Album: Gwenno – Tresor review

By Phil Scarisbrick

Returning with another record in her parentally-native languages, Gwenno focuses on the personal as well as the collective on her beautiful third solo album

When an artist is creating music not in the English language, it is very easy for that to define their work and make it the focus of what they’re creating. Gwenno’s debut solo album, Y Dydd Olaf, saw her writing in her native Cymraeg (Welsh), while her sophomore release, Le Kov, was composed entirely in Kernow (Cornish). In both cases, this linguistic departure from the status quo was the focal point of much of the discourse surrounding their respective releases. On one hand, this is a disservice to the wonderful music that made up both releases, but, on the other, it underlined the importance of Gwenno’s use of these languages. Now returning with her third solo record, Tresor, she once again utilises these languages, and shines a light on not only Kernow and Cymraeg, but also Cornwall and Wales themselves.

Within a few bars of album opener, An Stevel Nowydh, the sound palette is quintessentially Gwenno. Her trademark blend of psychedelic electronica and dream pop give her music a unique sound. Once again collaborating with husband and producer, Rhys Edwards, you get the sense that their lockdown confinement was channeled into creating this beautiful record.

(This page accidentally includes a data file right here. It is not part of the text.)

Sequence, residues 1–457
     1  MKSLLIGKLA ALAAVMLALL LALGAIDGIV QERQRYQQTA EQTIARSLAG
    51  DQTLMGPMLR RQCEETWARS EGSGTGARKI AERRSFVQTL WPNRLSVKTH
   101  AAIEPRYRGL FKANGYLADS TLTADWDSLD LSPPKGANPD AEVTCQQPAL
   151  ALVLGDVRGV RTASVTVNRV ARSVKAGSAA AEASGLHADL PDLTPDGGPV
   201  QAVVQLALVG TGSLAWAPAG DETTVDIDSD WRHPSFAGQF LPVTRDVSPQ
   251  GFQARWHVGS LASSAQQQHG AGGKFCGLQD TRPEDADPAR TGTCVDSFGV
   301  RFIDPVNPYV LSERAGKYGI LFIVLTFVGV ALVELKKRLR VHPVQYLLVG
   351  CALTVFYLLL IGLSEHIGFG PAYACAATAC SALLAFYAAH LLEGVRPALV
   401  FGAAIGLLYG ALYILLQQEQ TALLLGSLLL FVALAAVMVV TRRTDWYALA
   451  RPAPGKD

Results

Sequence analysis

There is a lyrically diverse blend of the universal and the personal, with tracks such as Tonnow and Anima focus on experiences of womanhood and the confluence of social expectations and personal ideals. Elsewhere, much a collaborative effort. Though N.Y.C.A.W., an acronym meaning ‘Nid yw Cymru ar Werth’, which translates into English as ‘Wales is Not for Sale’, is more about the collective. The sole Welsh-sung track feels like it has more bite and vitriol than other songs on the album, as Gwenno sings ‘Penderfyniadau pwyllgorau pwyllog / Sy’n atgyfnerthu goruchafiaeth ffiadd y farchnad / Sy’n rhydd i wneud be’ a fynno’ which translates to ‘The decisions made by cautious committees reinforces the dominance of the vulgar market which is free to do what it wants.’ A biting line seemingly taking aim at the government appeasement of corporations taking priority over protecting its people.

The record’s title track translates into English as ‘Treasure’, and that is an apt way to describe the art that Gwenno and her collaborators make. The accompanying visuals not only provide more colour to the music, but also display a keen eye for understanding and capturing the subjects that you’re covering. Whether that is a lyric, a riff, or a camera shot, everything feels painstakingly considered. So while it is right that the languages Gwenno writes in remain in focus so as to amplify the cultures she is singing about, don’t let that distract you from what is a fully rounded, beautiful record.

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